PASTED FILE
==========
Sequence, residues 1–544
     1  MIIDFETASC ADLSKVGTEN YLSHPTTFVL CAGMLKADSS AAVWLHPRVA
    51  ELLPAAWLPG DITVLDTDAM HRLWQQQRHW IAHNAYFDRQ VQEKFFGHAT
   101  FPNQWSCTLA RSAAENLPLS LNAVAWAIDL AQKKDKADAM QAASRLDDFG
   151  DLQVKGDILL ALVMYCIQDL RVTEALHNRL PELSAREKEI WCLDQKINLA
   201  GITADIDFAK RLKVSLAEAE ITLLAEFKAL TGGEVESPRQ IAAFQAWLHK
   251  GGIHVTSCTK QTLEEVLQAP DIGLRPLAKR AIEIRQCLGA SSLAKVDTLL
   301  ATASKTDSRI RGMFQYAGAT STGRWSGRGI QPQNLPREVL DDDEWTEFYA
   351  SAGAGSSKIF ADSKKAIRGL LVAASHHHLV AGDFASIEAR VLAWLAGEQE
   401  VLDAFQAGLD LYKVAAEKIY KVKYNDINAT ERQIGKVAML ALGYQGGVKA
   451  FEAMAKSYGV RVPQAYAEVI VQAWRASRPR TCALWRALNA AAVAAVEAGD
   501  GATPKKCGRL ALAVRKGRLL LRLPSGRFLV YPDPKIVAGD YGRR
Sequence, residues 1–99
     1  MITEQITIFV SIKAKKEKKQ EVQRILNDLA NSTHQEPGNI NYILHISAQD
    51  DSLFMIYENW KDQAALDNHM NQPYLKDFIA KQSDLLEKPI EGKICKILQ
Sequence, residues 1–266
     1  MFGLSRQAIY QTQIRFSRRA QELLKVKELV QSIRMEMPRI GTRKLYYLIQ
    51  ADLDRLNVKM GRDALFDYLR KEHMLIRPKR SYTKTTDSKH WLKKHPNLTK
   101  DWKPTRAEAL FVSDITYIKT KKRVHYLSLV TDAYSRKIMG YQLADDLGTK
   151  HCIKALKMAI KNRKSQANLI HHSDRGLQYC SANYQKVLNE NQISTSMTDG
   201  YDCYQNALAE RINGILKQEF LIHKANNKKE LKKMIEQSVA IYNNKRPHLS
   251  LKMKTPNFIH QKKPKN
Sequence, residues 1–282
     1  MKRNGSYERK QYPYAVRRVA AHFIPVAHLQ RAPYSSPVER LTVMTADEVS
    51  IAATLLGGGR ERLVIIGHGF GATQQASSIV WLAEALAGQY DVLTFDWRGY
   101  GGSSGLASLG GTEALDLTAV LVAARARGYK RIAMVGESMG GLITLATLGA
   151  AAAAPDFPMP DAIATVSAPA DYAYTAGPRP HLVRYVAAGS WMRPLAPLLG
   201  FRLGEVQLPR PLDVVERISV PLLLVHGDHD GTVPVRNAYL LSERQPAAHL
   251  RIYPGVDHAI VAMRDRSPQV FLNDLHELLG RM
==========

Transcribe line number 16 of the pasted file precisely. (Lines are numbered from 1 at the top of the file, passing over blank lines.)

Sequence, residues 1–266